What is Training Load

There are so many terms in endurance sports and I often ignore them and focus simply on working hard. I’m trying to change that and give myself a better understanding of what the various data are and what they represent.

I’ll admit, the amount of data in sports today is overwhelming. I typically live by the principle, if you work hard, good things will happen. Obviously that’s only true given all the variables work out in your favor-injury, external circumstances, etc. Let’s assume they do work out for us throughout this post.

One of the misconceptions I’ve had is that the data is only useful at the elite levels. It’s probably more important there but it’s not the only place it can be helpful to a person in training. Most of my training life I’ve only looked at the basic metrics. Duration and distance, more than anything, have been my indicators.

I’ve know of other metrics like RPE and TSS but I’ve never really taken a deep dive into them. I decided to dig a little bit more when my new Garmin watch displayed a 7 Day Load metric i hadn’t seen before. The metric showed I was in the red but I didn’t know what that meant. I figured it wasn’t good since that’s what we typically associate with that color.

So instead of ignoring it I looked it up on Youtube.

Now I've still got plenty of research to do on this but my quick and dirty understanding is this. Training load is measurement based on the last 7 days of working out. Staying in the green simply means your body is responding well to the training and neither over-training nor under-training. Over-training would lead to burnout and injury and under-training being a waste of time. It takes in to account things like duration and distance but also, and more importantly, heart rate.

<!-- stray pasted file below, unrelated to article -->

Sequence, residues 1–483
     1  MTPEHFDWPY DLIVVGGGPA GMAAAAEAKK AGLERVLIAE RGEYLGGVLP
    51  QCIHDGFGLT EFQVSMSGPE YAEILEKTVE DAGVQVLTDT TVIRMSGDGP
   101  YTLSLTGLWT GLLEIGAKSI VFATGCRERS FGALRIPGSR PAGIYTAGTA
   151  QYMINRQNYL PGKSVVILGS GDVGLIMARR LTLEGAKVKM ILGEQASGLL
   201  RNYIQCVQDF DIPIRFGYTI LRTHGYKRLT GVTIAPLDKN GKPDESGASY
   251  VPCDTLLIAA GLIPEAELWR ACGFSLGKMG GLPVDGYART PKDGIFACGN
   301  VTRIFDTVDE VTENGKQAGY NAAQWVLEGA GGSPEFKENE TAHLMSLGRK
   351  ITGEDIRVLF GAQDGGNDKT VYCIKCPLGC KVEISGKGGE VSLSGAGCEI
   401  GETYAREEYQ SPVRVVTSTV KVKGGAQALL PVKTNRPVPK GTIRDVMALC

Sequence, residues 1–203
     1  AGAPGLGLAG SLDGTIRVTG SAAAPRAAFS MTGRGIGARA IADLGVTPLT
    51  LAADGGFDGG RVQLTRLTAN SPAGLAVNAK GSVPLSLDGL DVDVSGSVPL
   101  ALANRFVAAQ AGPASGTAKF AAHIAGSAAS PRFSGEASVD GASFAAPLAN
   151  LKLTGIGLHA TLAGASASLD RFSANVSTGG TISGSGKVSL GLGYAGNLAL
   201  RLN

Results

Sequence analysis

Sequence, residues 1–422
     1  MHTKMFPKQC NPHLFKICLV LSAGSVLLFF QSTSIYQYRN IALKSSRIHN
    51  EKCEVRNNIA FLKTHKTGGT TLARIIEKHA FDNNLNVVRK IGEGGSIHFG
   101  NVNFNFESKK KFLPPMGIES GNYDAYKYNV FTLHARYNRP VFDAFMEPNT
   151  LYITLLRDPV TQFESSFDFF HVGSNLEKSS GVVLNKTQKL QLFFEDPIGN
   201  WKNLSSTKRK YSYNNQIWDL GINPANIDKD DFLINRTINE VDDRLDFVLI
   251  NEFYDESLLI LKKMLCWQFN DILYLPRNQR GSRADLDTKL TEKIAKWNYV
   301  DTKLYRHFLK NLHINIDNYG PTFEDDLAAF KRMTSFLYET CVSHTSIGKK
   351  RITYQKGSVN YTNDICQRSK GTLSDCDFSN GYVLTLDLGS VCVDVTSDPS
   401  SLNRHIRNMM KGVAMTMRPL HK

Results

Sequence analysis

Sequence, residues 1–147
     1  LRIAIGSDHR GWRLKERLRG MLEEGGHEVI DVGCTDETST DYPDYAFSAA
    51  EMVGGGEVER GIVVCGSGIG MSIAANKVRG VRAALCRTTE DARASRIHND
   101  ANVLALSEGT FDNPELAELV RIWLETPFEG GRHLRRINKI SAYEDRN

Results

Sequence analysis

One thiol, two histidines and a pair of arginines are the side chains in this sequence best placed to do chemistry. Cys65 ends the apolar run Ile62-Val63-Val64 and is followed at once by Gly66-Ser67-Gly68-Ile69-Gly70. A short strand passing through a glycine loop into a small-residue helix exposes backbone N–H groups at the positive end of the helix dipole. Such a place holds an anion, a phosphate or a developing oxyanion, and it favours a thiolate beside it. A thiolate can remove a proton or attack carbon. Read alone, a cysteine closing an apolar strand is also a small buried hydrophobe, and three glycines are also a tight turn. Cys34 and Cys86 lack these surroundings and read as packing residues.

This is incredibly helpful for me because my tendency is to over-train myself into injury. I don't want that. Combining this with the CTL (Chronic Training Load) metric in Training Peaks is extremely helpful for me. CTL is the rolling average of your daily Training Stress Scores over a longer period, typically 28 days or more. It represents your accumulated training over time and gives you an indication of your overall fitness level. In simple terms, CTL reflects the "fitness" gained from consistent training over weeks and months.

So combining the 7 day metric and the 28 day metric really helps to see the bigger picture. I might be overloaded the past 7 days but in the last 28 it can reveal I'm just pushing for improvement. When the 28 day metric starts to tip then I should really pull back a bit.

In the end, I want to stay injury free and using these stats will help to that end. I'm anxious to do more but not at the cost of my body breaking down. That would several steps backward for my body and my mind.